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Five hot tips on recruiting

Aug 09, 2007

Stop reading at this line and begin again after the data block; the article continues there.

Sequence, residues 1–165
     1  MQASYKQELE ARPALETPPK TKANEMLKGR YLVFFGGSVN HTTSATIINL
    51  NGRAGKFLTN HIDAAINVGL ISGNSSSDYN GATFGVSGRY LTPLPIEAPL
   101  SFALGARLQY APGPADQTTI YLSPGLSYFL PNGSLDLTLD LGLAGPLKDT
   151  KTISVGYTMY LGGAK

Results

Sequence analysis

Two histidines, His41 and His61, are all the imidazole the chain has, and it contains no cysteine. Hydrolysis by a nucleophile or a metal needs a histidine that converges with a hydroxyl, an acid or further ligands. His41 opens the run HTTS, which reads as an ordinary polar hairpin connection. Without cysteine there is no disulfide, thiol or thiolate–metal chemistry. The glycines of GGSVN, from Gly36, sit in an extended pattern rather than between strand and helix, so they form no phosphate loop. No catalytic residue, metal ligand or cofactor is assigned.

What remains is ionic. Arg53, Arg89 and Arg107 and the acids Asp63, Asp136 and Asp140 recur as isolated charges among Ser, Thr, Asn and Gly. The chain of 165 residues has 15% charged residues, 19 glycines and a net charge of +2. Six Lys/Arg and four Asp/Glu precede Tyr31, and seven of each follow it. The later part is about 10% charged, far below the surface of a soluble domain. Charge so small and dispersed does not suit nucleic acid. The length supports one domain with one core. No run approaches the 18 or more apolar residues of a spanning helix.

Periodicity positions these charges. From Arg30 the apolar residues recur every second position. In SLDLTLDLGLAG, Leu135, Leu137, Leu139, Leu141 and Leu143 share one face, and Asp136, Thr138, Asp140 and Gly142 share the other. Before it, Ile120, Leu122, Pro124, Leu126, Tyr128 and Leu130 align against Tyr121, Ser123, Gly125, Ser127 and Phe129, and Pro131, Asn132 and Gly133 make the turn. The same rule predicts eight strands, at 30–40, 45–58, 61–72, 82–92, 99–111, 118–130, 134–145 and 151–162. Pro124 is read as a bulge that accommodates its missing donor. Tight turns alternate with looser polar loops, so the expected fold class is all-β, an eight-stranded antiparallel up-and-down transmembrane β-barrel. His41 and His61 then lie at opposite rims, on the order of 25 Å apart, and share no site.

Internet communication etiquetteLaura Lynn Burkee-mail, non-verbal communication, Web site appearance, spelling, grammar As we all know, e-mail has become one of our most effective forms of communication. Let's look at how we have evolved our communication process, and what effect it has on your business. Caveman communication When people lived in caves, their communication might not have consisted of much more than grunts, gestures and facial expressions, but they had to have had some ways of expressing such messages as: "I'm not intending to beat you, and I hope you feel the same," or "You take that side of the mammoth and I'll take this side and let's hope we get him before he gets us." Today's interrelations are more complex, and so are the messages, but the co-existence remains. Communication and interpersonal relations are in fact entwined. There are many types of communications, the two most common of which are touch and smell--neither of which are in our e-mail communications. Non-verbal communication speaks volumes Let's take a look at cultural and non-verbal communication and why the interpretation of non-verbal messages is influenced by culture and is especially important in business. A few examples: -Tom leaves his home at 8:30 a.m. and stops at the local Starbucks for coffee. Before Tom can speak, the person behind the counter asks, "The usual?" Tom nods yes. While he savors his coffee and reads the paper, a heavy man pushes onto the adjoining stool and overflows into Tom's space. Tom grimaces, and the man pulls himself in as much as he can. Tom has sent two messages without speaking a word. One, the man has invaded Tom's space, and two, maybe Tom has an issue with his size. Whether Tom really has an issue with his size doesn't matter, the two have already been portrayed non-verbally! -Phil is talking to Rich's wife at a party. Their conversation is entirely trivial, yet Rich observes them suspiciously. Their physical proximity and the movements of their eyes reveal that they are powerfully attracted to each other. -Jose Ybarra and Sir Edmund are at the same party and it is important for them to establish a cordial relationship for business reasons. Each is trying to be warm and friendly, yet they will part with mutual distrust and their business transaction will probably go amuck. Jose, in Latin fashion, moves closer and closer to Sir Edmund as they speak, and this movement was misinterpreted as pushiness to Sir Edmund, who keeps backing away from this intimacy. Backing away then communicates coldness to Jose. The silent languages of Latin and English cultures are more difficult to learn. In these examples, you see powerful messages communicated without words. Non-verbal communication is communication without words. You can communicate non-verbally when you gesture, smile, frown, widen your eyes, move your chair closer to someone or say nothing. These non-verbal messages interact with verbal messages, thus creating confusion. Analyze your own non-verbal communication patterns. Now that we understand how important non-verbal communication can be, let's look at how detrimental it could be to stereotype a person, company or product. According to "Bridging Differences: Effective Intergroup Communication" by William B. Gudykunst, "Stereotypes pose especially powerful barriers in intercultural communication. The reason is simple: Our stereotypes of groups to which we do not belong--for example, race, national or religious groups, gender--are likely to be more inaccurate and negative than the stereotypes of the groups to which we ourselves belong." This all changes drastically when utilizing the Internet. In using Web sites and e-mail addresses, you have no verbal or non-verbal communication--what you have is written. You have no signs of sex, age, race or religion--this does eliminate most areas of stereotyping. However, make no mistake--you are communicating non-verbal, non-written messages in your e-mail. You must learn how to communicate properly and how to express emotions non-verbally. The use of the Internet is a huge resource for marketing and communicating in many industries in addition to the mortgage industry. It can limit some risk of miscommunication. In using e-mail, it gives the sender the opportunity to correct and rewrite any portion of the message that may not be communicated well. It also gives you, the sender, the disguise as to whether you are male or female, old or young. If you should have a physical disability, it is unknown--the e-mail, as well as the Web site, is judged by looks and content. It is a virtual hidden identity, thus creating a level playing marketing field for almost everyone. This is why it is so important to capture your market with your Web site's appearance and content immediately. It is you! It may be all anyone ever sees or knows about you. You have 10 seconds or less to make your best first impression! Make it count. This is especially true of Web sites. You must reel them in and hold their attention or they will surf on by you. In writing e-mails, it is also important to create the best first impression. Turn on your spell check and grammar--don't send imperfect e-mail. We all make mistakes in typing, but the Internet allows us to appear flawless with the tools we have access to. I will share a story with you. I was dealing with some clients on a residential loan. We had some serious issues relating to their current job status. The Realtor I was working with didn't care what the issues I had were, even though they were legitimate red flags and serious problems. All she saw was her commission check going down the tubes. Well, in my haste of writing e-mails back and forth to the account representative and the attorney, who, by the way was related to the Realtor, I inadvertently sent an e-mail that I thought was going to the account representative, to the attorney, where I had written, "This Realtor is nuts! She doesn't care ... " Needless to say, she was not very happy with me and pointed out how it was an "unprofessional thing to do." I agreed wholeheartedly, and ate crow. In the end, the attorney let up a bit, knowing how strong-armed she could be. However, with a click of the mouse, we can do a lot of damage. So, I told this story only to point out the need to be careful, especially in the heat of an issue when e-mails are flying back and forth! Let's talk about the salutation line. This is where you need to capture your prospects attention or inform whomever you are writing to what your message is about. No tricks, honesty is best. It may determine if someone opens and reads or deletes your message. Be straightforward, short and intriguing. Communication skills are a must in today's market. It is conquering the art of persuasion, mystique and honesty all through written communication. Make no mistake, non-verbal communication is at play! The way you present your message, your punctuation and your language usage will all play a huge factor in how your message is interpreted. Look at the following examples: In communicating: -Confidence: Well thought out, concise and well written. "My friend just showed me a new product that I loved. It really works great." -Fear: Hee-haw around, indirect and lacking self-confidence. "My friend introduced me to a product. I'm not sure if I liked it, or if it's for me." -Excitement: Capitalization, bold print, punctuation and exclamation marks. "My friend just showed me a new product that I LOVED! It really works terrifically!" -Anger/indifference: Short, snippy lines could display indifference; bold letters and capitalization could give the appearance of anger, depending on usage. "My friend showed me a new product. I tried it, and it was REALLY, REALLY HORRIBLE!" When writing our e-mail messages, whether to a friend or a business colleague, proper communication etiquette is always important. Take the time to review your message and make sure you are sending the correct impression and message. Laura Lynn Burke is with Evergreen Park, Ill.-based American Dream Mortgage Company II. She may be reached by e-mail at [email protected].